Column vetter Paul Laliberte has forwarded me an interesting bidding question from Dan Philip, director of the Berkshire South Bridge Club in Great Barrington. As dealer, with both sides vulnerable, how would you open this hand:

♠ —

♥ Q J 9 8 7 4 2

♦ —

♣ Q J 7 6 4 2

Rare, two-suited hands always present a challenge. Philip not only polled club members, but 10 experts. The dichotomy is staggering.

Here’s how club members broke down:

Bid                    Percent of Players

Pass                  4

1♥                     37

2♥                     15

3♥                     24

4♥                     18

5♥                     1

2♣                     1

 And now for the experts. “Every one of them commented that it’s a ‘freak hand,’ not subject to the usual rules of bidding,” Philip reports. “Hence, they said there was no ‘absolutely right’ answer. Almost all indicated their first choice would be to pass, at least on the first round, with the intention of participating later in the auction.

“Notice that the experts’ overwhelming choice was picked by only four per cent of the club players as their first choice. Among the pros who did choose a call other than pass, the most popular was 4♥.”

“Overwhelming” is a slight exaggeration. Here are their answers, some of which I’ve shortened:

Jerry Helms: “Personally, I would pass to confirm less than an opening bid. Depending on how the auction develops, and it will develop, I plan on bidding a lot. Perhaps partner will open, or perhaps the opponents will bid the other suits and I can make some type of an unusual two-suited bid. Pass is clear.”

Frank Stewart: “There is no correct action with a freakish hand such as this one, and anyone who says he is sure what to do is out to lunch. If I were playing in a typical one-session club game, I might open 4 ♥. At IMPs, with teammates to account to, I would pass and listen and hope to make an intelligent decision later.”

Karen Walker: “Like many other freak hands, this one is difficult to evaluate and almost impossible to describe accurately.  It’s technically four losers, but the suit quality is so poor that I’d call it five losers, which is about right for a four-level pre-empt.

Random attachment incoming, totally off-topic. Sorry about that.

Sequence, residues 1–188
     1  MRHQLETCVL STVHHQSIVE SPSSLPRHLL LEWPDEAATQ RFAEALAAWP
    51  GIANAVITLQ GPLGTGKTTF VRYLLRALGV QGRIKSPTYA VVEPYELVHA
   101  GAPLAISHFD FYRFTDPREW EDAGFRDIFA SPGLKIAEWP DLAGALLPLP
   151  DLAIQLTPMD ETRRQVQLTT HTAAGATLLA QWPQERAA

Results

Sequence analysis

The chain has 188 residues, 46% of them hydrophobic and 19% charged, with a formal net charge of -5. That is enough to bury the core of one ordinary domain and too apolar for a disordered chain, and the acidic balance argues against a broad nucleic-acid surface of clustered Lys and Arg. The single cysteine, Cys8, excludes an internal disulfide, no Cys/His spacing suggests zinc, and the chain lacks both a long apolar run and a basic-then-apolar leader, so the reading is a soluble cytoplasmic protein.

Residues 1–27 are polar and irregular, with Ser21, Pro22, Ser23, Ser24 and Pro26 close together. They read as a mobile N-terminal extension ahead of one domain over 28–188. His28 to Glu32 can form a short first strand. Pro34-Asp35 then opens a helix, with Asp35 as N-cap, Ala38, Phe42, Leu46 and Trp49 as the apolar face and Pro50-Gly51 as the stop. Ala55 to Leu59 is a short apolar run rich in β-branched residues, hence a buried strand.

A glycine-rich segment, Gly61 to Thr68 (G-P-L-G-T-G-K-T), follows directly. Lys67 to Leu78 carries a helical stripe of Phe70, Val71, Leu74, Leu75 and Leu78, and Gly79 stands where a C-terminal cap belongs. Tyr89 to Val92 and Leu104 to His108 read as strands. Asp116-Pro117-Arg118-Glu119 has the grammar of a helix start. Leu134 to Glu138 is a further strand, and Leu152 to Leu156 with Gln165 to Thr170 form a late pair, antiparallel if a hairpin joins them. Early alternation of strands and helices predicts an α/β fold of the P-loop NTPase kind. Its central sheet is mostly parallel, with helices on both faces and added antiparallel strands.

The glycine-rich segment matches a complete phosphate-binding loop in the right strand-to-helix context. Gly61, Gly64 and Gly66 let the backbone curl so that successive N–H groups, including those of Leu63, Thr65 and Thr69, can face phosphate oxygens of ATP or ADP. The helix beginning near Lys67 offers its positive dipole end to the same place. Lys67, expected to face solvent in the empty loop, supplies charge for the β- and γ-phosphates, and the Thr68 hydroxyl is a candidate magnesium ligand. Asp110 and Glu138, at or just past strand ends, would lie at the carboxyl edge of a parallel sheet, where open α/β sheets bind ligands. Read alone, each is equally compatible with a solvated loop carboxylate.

“I would open 4♥.  In general, I think it’s best to preempt right away with a weak freak, even if you don’t have a perfect bid to describe it. 

“Passing and then trying some sort of two-suited bid later could work, but that allows the opponents to exchange information and it doesn’t really help partner make any decisions (he’ll never see a 7-6 hand).” 

Larry Cohen: “I would do one of two things:

“A) Preempt at once (2 ♥ or 3 ♥ ) or . . .

 “B) Pass and plan to come in later — hopefully getting to show a two-suiter.”

Eddie Kantar: “In truth nobody has had enough experience with 7-6 hands to know the best way to handle them. They are difficult to evaluate because it doesn’t matter how many points partner has. What you need are points in hearts and/or clubs. My inclination would be to pass. My second choice would be 4♥.”

Marty Bergen: “I’d open 4♥. A hand with two voids has great potential. Try to become the declarer.”

Lynn Berg: “Not knowing if we have a fit, I don’t count the voids as assets. That leaves Pass, 1♥ and 3 ♥ as choices. And some would even say 2 ♥ — though I don’t like to use 2 ♥ with a seven-card suit. My personal inclination, vulnerable in the first seat, is to pass. If I were determined to bid, 3♥ would be my (reluctant) choice. Once partner has bid, I’ll have a much clearer idea of where to go on this hand. Bad luck to be in the first seat.”

Mike Lawrence: “No one knows what to do with these hands. The best you can do is make a guess based on reasonable assumptions. Being the declarer means that you have fewer assumptions than normal.

“I would bid 4♥. All I need to make 4 is a fitting honor in one of my suits.

“This can gain in many ways and it can cost in many ways, one of the losing ways being when 4♥ is down and 6 ♣ (or 7 ♣) is making.”

Billy Miller: “It is a freak hand with no set way to bid it. I would pass, expecting there will be an auction. I would hope to be able to make a two-suited bid later. Would love to hear partner support one of my suits and then I could have some fun.” 

Pat Harrington: “As far as evaluating a hand with voids, the ACBL Bulletin published some tips from Eddie Kantar within the last year or so. One of them was ‘don’t count distribution until you have found a fit.’ Nowadays, most players do count high-card points plus length when opening, but even with all your length, you can only come to 11 points. I believe Eddie was more talking about shortness. Shortness is only good once you find a good fit.

 “When I’m tempted to open a shapely hand that is weaker than my usual opening, I use a number of tests. This hand fails on the old-fashioned quick tricks. You needed two and half quick tricks in the old days to open. You have zero. Even the Rule of 20 that suggests opening many distributional hands fails. Your 6 HCP plus the 13 total cards in your two longest suits comes only to 19. And I prefer Jerry Helms’ version of that Rule — the Rule of 20 plus 2. That requires two quick tricks in addition to meeting the 20 requirement.”

To me, the issue isn’t whether the hand qualifies as a standard opener, but whether it’s worth a pre-empt. Even though I have only seven hearts, the number usually qualifying for a three bid, I’d open 4♥ because of the long side suit and two voids.

Paul Laliberte agrees with me: “Passing quietly with the idea of ‘making noise’ later on defeats the idea at the very core of pre-emption. To ‘strike the iron while hot’ makes much more sense than backing into the auction with great fanfare after the opponents have had the opportunity to exchange information.”

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